Time for a Break

It has been a stressful week. My usual go-to coping skill is distraction. I will do everything in my power to keep busy. Idle time equals time to think. I was like the Energizer Bunny except there I was a point I would not keep going. This coping strategy only worked for so long. Sooner or later, there is nothing left.

A number of my friends, family, colleagues, and clients fall back on this strategy. Just earlier this week, I was on the phone with a client’s mother. She was telling me how concerned she was about her son who is diagnosed with schizophrenia. She went on about how his symptoms are worsening and that she cannot keep this up. Prior to this conversation, I also found out that her husband (my client’s father) was arrested for a DUI. This resulted in the mother transporting her husband back and forth from work each day and driving across state to check in on her son. I stopped her mid-sentence and asked, “What are you doing to take care of yourself?” She started balling her eyes out. In the midst of the nonstop chaos, she had forgotten herself. She had not given herself a break.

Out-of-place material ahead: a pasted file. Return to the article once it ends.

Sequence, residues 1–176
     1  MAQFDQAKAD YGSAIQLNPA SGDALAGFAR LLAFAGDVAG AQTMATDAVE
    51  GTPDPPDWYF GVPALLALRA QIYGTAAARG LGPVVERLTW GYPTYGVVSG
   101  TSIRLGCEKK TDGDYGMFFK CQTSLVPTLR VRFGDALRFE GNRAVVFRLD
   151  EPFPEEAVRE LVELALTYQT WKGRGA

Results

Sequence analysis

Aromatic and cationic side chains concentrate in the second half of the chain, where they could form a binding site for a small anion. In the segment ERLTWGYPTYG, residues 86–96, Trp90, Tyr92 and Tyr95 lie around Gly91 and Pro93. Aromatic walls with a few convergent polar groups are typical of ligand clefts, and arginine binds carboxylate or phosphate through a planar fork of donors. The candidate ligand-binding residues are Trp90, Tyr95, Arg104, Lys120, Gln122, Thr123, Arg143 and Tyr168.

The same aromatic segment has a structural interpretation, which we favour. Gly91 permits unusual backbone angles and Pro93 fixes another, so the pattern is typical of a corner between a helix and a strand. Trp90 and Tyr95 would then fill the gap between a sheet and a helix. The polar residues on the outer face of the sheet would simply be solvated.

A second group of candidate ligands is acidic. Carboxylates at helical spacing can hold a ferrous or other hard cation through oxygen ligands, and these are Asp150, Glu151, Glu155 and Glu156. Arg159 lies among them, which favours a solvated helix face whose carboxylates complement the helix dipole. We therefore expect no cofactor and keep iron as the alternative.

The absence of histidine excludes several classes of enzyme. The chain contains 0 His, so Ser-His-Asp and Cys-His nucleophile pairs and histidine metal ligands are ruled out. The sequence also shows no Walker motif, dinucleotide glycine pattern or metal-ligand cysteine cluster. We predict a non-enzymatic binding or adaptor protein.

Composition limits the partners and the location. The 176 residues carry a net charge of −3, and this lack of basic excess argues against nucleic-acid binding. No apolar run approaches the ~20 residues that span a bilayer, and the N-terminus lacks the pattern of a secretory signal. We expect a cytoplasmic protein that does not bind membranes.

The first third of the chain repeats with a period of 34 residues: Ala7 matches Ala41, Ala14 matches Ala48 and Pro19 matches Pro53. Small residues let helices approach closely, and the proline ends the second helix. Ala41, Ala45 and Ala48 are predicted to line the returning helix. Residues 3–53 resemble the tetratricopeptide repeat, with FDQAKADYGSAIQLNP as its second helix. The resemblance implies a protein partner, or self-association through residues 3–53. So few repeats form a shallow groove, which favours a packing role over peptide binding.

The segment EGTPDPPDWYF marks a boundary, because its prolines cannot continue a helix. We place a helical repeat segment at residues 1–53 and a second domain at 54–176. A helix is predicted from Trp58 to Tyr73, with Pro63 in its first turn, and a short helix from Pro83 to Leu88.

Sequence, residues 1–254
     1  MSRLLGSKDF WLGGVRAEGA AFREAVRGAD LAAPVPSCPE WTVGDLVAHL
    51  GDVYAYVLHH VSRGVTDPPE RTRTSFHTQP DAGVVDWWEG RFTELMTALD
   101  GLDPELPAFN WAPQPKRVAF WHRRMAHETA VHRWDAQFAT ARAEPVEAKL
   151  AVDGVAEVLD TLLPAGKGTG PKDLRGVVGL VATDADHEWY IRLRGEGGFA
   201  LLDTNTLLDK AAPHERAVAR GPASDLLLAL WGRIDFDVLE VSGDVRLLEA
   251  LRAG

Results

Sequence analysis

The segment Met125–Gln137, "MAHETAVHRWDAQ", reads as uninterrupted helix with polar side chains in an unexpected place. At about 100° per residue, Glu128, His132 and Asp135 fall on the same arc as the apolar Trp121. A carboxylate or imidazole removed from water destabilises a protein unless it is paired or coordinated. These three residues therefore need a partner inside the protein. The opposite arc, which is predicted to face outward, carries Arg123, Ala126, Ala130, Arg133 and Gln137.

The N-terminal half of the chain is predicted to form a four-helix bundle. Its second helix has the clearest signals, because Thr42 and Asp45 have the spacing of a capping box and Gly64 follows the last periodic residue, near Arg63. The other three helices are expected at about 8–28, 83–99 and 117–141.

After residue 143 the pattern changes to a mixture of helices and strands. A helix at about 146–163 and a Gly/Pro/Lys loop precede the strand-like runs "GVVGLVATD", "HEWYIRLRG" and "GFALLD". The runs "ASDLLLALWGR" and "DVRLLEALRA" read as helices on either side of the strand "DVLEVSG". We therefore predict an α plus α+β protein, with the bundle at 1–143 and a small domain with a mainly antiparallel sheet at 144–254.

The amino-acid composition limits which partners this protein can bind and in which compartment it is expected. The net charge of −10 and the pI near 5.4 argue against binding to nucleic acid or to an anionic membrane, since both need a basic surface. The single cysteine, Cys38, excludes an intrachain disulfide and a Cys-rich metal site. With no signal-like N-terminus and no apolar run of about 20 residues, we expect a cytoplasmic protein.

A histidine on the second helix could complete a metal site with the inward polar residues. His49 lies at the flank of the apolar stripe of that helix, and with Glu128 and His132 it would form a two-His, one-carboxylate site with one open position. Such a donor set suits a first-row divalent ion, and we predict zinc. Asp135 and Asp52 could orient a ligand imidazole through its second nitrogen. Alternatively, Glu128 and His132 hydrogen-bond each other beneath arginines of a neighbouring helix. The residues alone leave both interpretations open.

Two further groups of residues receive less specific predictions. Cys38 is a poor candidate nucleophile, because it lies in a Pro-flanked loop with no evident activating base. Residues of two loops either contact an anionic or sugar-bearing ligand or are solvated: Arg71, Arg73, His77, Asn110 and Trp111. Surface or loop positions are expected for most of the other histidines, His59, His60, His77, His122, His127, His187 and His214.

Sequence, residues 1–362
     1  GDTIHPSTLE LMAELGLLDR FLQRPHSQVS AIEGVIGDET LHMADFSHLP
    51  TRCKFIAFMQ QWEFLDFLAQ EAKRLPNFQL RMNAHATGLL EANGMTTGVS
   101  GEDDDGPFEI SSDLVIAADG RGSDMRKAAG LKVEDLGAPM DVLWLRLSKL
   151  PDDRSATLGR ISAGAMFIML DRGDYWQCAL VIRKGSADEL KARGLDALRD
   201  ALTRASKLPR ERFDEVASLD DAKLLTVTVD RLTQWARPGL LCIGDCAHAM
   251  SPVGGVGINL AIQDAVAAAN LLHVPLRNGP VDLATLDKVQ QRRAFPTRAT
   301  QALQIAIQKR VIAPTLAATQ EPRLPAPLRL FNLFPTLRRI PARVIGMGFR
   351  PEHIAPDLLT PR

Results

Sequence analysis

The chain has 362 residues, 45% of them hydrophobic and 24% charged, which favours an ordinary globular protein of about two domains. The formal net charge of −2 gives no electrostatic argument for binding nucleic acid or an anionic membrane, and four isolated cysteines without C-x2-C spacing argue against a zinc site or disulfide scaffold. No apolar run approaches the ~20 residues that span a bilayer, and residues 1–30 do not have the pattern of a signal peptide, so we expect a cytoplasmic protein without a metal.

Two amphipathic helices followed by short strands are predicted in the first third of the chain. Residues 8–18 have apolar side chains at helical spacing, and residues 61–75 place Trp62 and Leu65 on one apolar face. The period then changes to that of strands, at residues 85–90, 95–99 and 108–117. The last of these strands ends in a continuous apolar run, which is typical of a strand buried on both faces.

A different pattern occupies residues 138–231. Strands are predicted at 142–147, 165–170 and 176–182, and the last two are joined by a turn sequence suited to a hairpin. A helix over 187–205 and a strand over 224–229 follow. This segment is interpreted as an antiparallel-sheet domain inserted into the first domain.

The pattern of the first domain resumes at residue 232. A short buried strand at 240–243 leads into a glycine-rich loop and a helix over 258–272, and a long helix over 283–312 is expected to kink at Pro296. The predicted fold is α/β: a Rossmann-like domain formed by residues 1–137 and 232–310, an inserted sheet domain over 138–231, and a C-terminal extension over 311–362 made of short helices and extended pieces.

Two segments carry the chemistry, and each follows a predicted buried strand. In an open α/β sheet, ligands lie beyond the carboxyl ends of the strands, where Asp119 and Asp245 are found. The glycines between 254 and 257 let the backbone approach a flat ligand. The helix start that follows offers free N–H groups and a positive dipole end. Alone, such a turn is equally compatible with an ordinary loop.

It is okay to take a breather. In fact, it is essential for self-care and self-preservation. For myself, this meant scaling back on my workload and household chores for the time being until I started feeling better. For the mother, I suggested talking to her friends, drinking coffee in the morning, or reading the newspaper. The activities range from stopping to take a deep breath to taking a month-long vacation. Rest and relaxation provide us with time to reflect. It gives out bodies and minds time to repair. It allows our well-beings to replenish lost energy. It gives us balance to counteract the constant flow of everyday routine.

Moral of the story: Give yourself a break.

-The Caring Counselor

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